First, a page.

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On March 2, 1962, Wilt Chamberlain hit a milestone that likely won’t ever be touched. The Philadelphia Warriors center torched the New York Knicks for 100 points in a 169-147 victory. Chamberlain set nine NBA records in that game. While all eyes were on Philadelphia’s big man, several other things happened that night that may have gone unnoticed.

5. Wilt Chamberlain made 28 of 32 free throws

Wilt Chamberlain in his home with some of his trophies in 1962. UPI / Getty Images.

Chamberlain was a poor free-throw shooter. For his career, he shot 51.1% from the line. In his 14 years in the NBA, Chamberlain missed 5,805 foul shots.

An underhanded free-throw shooter, Chamberlain found a rhythm against the Knicks on that March night in 1962. Chamberlain shot a whopping 87.5% from the foul line in the game, making 28 of his 32 free-throw attempts.

4. Wilt Chamberlain reached the milestone in front of just 4,124 fans

The Warriors and Knicks squared off at the Hershey Sports Arena in Hershey, Pennsylvania, a venue with a capacity of about 7,200, according to Robert Cherry’s biography of Chamberlain, Wilt: Larger than Life. Only 4,124 fans attended the game and witnessed one of the biggest moments in sports history.

Cherry wrote that many more thousands claimed to have been there. Some of them even told Chamberlain they saw him score 100 points at Madison Square Garden. Cherry said Wilt always played along.

“When people tell me they were at the game, I never correct them,” Cherry wrote in the book, quoting Chamberlain. “I always let them feel like they saw it. I just say, ‘So you saw it? Hey, well good. I was there, too.’”

3. Chamberlain’s teammate Al Attles had one of the best nights of his career

While the focus was on Chamberlain, and for good reason, Warriors guard Al Attles quietly had one of the best games of his 11-year NBA career.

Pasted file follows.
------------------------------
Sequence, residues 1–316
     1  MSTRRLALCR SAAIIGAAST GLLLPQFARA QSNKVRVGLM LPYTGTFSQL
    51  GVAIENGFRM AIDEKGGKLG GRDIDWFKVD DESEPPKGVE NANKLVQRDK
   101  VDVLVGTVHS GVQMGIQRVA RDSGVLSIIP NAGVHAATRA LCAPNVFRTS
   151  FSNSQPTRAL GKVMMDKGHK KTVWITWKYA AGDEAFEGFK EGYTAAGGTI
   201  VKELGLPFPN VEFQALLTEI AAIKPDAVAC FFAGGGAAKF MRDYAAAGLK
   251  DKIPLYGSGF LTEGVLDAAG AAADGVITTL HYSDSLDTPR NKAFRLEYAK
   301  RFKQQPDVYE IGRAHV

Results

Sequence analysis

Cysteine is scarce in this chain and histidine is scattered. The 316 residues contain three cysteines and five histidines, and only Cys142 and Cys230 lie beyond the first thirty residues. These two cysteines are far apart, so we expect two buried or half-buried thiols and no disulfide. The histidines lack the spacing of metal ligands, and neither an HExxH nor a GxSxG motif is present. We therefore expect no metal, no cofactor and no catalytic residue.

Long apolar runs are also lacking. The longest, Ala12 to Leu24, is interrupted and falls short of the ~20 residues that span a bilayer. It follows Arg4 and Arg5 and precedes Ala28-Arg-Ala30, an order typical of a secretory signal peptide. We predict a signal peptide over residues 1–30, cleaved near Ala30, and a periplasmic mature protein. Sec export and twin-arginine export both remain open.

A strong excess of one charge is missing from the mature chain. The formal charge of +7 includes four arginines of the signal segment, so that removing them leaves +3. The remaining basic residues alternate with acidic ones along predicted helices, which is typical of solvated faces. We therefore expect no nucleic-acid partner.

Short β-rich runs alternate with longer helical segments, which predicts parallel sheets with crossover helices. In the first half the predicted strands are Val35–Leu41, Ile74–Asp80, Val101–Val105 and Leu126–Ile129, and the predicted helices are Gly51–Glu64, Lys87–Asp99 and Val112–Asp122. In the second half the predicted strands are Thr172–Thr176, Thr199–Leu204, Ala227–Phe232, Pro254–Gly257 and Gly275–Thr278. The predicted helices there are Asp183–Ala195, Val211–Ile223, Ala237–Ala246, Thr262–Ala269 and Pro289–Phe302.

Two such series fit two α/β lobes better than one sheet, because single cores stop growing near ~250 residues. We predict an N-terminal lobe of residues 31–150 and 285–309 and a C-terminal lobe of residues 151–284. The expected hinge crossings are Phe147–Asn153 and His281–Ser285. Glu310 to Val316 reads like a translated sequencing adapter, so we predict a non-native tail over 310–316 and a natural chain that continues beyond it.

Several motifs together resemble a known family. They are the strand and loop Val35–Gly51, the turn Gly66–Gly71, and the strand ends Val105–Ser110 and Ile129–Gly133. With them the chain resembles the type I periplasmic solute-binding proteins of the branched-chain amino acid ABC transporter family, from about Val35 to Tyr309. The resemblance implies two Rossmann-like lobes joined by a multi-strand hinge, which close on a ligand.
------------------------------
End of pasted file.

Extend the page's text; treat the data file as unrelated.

Attles was known more for his defense, but on that night, he was perfect on offense. He made all eight of his shots from the field and connected on his only free-throw attempt. He was Philadelphia’s second-leading scorer that night, finishing with 17 points.

“Big Fella,” Attles told Chamberlain after the game, per Cherry. “I’ll have a mental block for the rest of my life. I don’t miss a shot, and nobody even talks to me.”

2. Guy Rodgers had the easiest 20-assist game of his career

Philadelphia’s Hall of Fame point guard Guy Rodgers also had a pretty good night, dishing out 20 assists. At the time, it was the second 20-assist game of his career. He finished his 12-year career with seven games where he had 20 or more assists. He had a high of 28 in March 1963.

On this night, however, he finished with 20. He admitted he did it with minimal work.

“There wasn’t an easier way in the world to get assists tonight,” he said, per Cherry. “All I had to do was give the ball to the Dipper.”

1. Chamberlain went home from the game with some Knicks players


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The Warriors were scheduled to play the Knicks again in New York two days later. According to Cherry, Chamberlain asked for and received permission from head coach Frank McGuire to ride back to New York with Knicks players Willie Naulls, Johnny Green, and another player, rather than take the bus back to Philadelphia.

Cherry wrote that Chamberlain fell in and out of sleep on the ride to New York and remembered hearing the players say, “Can you believe that SOB scored a hundred points against us?”

When Chamberlain was dropped off at his apartment, Cherry wrote Chamberlain told the Knicks players, “You guys are sure nice to this SOB, letting me score a hundred points, then giving me a ride all the way back to my apartment. Thanks, fellows.”